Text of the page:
Parking Strictly Enforced

The faculty lounge has reopened and Professors Richard Epstein and John Yoo are colluding to bring you top-shelf legal analysis. On this installment: is the Mueller Report vindication of President Trump or the predicate for impeachment? Can the White House resist congressional subpoenas? Can congressional Democrats (or a wily coalition of state governments) force the president to release his tax returns? Will the Supreme Court break new ground on gay and trans discrimination? And is chalking tires unconstitutional?

All that plus our annual World Series picks and an especially heated debate on … free parking.

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There are 9 comments.

  1. kedavis Member

    What to make of the claim by many, on the left, that concluding “No collusion” from the Mueller Report, is only possible using a “beyond a reasonable doubt” going-to-prison standard. But if looked at just from a more practical “preponderance of evidence,” Trump is – to quote the Doonesbury comics of decades ago – “GUILTY! GUILTY! GUILTY!”

    • #1
    • April 26, 2019, at 10:21 PM PDT
    • Like
  2. LibertyDefender Member

    kedavis (View Comment):

    What to make of the claim by many, on the left, that concluding “No collusion” from the Mueller Report, is only possible using a “beyond a reasonable doubt” going-to-prison standard. But if looked at just from a more practical “preponderance of evidence,” Trump is – to quote the Doonesbury comics of decades ago – “GUILTY! GUILTY! GUILTY!”

    I think that claim is preposterous. The truth is – as John Yoo stated more clearly than Richard Epstein did, from any reasonable, practical standpoint, there is no evidence of collusion. Mueller’s “couldn’t establish” language is subterfuge.

    What’s truly criminal is that Mueller knew no later than Thanksgiving 2017 that there was no evidence of collusion, but didn’t deliver his report until late March, 2019. But so much about the whole Russiagate hoax is so, so dirty.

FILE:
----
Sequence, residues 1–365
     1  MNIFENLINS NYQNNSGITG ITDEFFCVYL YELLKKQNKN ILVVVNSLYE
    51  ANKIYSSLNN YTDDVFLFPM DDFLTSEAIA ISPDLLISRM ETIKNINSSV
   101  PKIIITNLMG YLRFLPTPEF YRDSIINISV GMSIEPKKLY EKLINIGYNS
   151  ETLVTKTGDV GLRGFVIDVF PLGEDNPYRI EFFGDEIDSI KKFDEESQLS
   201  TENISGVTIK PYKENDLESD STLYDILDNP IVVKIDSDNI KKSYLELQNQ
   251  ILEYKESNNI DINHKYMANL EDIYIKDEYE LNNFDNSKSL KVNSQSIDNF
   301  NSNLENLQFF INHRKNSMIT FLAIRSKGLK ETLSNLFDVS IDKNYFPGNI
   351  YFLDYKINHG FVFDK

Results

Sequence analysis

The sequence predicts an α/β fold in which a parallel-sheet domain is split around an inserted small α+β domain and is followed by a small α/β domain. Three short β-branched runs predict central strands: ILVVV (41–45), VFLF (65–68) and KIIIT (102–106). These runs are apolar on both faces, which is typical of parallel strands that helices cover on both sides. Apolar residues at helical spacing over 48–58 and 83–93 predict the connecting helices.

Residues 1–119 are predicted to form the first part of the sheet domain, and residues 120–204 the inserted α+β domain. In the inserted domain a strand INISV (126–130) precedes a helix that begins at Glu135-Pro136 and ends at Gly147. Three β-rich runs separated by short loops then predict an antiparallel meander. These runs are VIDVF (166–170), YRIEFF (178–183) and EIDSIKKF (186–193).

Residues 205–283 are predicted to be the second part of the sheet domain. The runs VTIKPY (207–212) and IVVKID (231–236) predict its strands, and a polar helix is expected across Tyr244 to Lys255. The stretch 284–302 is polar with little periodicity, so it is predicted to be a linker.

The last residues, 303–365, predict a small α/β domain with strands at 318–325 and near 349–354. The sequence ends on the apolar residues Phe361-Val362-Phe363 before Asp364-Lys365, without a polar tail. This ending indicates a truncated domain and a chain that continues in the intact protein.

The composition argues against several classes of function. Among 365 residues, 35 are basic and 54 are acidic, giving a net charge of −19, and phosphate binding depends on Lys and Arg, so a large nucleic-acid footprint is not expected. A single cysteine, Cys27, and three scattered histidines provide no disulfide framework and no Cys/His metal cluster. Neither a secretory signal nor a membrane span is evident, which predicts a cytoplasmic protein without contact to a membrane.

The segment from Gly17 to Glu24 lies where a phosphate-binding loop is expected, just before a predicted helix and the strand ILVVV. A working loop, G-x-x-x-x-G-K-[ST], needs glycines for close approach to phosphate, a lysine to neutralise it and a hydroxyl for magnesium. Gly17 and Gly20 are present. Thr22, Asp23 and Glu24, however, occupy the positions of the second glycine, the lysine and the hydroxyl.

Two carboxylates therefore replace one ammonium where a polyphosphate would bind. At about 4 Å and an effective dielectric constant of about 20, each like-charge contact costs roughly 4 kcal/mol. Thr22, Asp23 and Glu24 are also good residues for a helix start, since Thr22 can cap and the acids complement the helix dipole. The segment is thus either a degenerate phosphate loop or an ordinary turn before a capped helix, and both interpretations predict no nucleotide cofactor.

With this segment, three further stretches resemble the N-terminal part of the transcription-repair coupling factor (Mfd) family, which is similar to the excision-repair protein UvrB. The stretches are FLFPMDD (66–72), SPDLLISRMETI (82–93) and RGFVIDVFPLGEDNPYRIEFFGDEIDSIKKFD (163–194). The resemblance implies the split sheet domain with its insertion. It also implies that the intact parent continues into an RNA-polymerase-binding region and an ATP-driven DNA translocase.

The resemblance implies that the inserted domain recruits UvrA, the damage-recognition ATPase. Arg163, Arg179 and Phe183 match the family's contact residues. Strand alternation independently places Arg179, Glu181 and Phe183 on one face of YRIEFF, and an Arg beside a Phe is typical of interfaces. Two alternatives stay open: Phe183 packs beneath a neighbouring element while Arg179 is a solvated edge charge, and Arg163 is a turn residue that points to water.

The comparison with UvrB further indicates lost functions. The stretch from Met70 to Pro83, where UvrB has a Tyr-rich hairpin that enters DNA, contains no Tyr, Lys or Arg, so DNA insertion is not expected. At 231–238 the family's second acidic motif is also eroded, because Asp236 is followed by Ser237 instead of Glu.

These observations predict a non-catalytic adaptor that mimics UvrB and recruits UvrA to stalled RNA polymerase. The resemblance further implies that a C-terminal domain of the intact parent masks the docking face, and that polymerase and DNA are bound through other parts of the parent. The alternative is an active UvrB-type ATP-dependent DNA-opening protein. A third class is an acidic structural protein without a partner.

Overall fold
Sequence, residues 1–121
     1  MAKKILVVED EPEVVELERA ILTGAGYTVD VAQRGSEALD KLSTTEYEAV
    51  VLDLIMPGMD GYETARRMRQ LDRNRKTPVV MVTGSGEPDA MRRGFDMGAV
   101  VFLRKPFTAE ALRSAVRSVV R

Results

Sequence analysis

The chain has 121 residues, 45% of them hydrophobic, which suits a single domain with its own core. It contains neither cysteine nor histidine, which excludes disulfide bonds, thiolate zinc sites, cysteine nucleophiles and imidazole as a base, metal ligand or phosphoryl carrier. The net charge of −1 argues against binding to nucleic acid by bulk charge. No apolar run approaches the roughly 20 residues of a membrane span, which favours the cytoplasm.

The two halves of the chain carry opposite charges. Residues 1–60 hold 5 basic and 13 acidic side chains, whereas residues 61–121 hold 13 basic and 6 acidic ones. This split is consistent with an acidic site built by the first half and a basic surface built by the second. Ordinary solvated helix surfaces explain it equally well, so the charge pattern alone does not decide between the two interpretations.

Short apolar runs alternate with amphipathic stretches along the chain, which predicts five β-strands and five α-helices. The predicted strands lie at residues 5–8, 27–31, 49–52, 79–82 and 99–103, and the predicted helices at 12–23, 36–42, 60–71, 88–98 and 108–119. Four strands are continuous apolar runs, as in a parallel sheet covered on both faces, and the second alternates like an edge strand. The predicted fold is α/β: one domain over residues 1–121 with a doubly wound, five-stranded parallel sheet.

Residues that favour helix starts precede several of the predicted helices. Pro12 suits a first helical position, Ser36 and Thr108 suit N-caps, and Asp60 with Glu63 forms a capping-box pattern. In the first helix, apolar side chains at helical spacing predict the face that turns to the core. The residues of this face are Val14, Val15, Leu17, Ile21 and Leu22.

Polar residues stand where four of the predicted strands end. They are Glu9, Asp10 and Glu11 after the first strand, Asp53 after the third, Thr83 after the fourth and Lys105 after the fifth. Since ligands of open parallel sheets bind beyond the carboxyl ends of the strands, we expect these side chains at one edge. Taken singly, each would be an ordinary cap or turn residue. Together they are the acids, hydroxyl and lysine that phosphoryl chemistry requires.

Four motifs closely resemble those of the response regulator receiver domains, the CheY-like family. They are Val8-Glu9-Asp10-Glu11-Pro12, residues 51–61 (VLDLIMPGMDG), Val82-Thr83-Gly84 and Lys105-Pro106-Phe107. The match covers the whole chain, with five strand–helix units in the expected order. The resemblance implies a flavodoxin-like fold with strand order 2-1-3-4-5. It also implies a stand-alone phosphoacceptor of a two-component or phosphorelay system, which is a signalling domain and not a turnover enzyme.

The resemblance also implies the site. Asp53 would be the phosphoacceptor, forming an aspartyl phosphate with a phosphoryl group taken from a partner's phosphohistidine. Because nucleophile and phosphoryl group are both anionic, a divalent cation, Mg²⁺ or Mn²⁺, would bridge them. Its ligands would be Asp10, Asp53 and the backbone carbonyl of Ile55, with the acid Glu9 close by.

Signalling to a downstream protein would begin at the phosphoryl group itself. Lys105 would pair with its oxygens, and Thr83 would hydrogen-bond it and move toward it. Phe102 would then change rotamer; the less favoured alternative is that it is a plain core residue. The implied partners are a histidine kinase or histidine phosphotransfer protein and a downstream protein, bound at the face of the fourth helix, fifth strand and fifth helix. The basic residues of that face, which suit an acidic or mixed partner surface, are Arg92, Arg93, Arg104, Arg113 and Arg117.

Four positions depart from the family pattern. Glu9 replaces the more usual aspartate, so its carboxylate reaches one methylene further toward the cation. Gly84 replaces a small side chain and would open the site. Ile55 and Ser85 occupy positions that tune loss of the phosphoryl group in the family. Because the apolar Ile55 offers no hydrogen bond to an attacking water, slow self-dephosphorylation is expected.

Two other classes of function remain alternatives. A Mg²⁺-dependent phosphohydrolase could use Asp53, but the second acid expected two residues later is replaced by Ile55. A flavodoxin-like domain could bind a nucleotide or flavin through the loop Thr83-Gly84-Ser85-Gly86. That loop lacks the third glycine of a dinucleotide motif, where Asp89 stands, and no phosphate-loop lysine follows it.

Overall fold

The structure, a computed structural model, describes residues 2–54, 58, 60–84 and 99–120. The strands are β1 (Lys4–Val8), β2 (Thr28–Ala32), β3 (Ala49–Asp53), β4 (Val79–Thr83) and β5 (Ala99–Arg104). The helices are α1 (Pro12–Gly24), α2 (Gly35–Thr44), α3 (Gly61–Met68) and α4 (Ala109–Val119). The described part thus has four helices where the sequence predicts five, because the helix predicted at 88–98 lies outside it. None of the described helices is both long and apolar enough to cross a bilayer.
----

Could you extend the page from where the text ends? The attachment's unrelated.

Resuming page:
• #2
    • April 28, 2019, at 3:50 PM PDT
    • 1 like
  3. kedavis Member

    Well I happen to think it’s pretty ridiculous to think the Russians especially Putin, actually wanted Trump to win. But you just can’t get some people to see reason.

    • #3
    • April 29, 2019, at 4:57 AM PDT
    • 2 likes
  4. Ralphie Member

    kedavis (View Comment):

    Well I happen to think it’s pretty ridiculous to think the Russians especially Putin, actually wanted Trump to win. But you just can’t get some people to see reason.

    As Richard said, Trump can’t be controlled even by those that are on his side, and given Trump’s personality and trademark phrase “you’re fired”, it seems odd he would let himself be manipulated by someone he can’t fire (Putin).

    • #4
    • April 30, 2019, at 12:46 PM PDT
    • 1 like
  5. kedavis Member

    Ralphie (View Comment):

    kedavis (View Comment):

    Well I happen to think it’s pretty ridiculous to think the Russians especially Putin, actually wanted Trump to win. But you just can’t get some people to see reason.

    As Richard said, Trump can’t be controlled even by those that are on his side, and given Trump’s personality and trademark phrase “you’re fired”, it seems odd he would let himself be manipulated by someone he can’t fire (Putin).

    That too. But I mean even moreso things like increasing military capacity both of ourselves and our allies, increasing oil and gas production to the point that we can supply former energy captives of Russia… none of which benefits Putin. And none of which would have been done by Hillary.

    • #5
    • April 30, 2019, at 1:28 PM PDT
    • 4 likes
  6. Hank Rhody, on the blockchain Contributor

    There’s a Ricochet Meetup happening in Milwaukee this summer. Y’all should come down and so a show. I’ll buy the fried cheese curds.

    • #6
    • May 6, 2019, at 2:57 PM PDT
    • 1 like
  7. Bishop Wash Member

    • #7
    • May 10, 2019, at 6:54 AM PDT
    • 1 like
  8. Bishop Wash Member

    Ah, I hadn’t finished the episode when I posted. Nice closing song. 

    • #8
    • May 10, 2019, at 7:10 AM PDT
    • 1 like
  9. Bishop Wash Member

    I was surprised that John was okay with the state ballot laws and thought Richard would have used a different tactic for his disagreement. From my layman’s reading of the Constitution, it puts two requirements on being eligible to be President; thirty-five years old and being a natural-born citizen. I wouldn’t think that a state could add requirements beyond those listed in the Constitution, such as producing tax returns. There were some state legislators suggesting passing laws requiring a candidate to produce a birth certificate to the State Attorney General to be eligible to get on the ballot. This seems reasonable as it is only verifying the Constitutional requirements.

    • #9
    • May 10, 2019, at 8:10 AM PDT
    • 1 like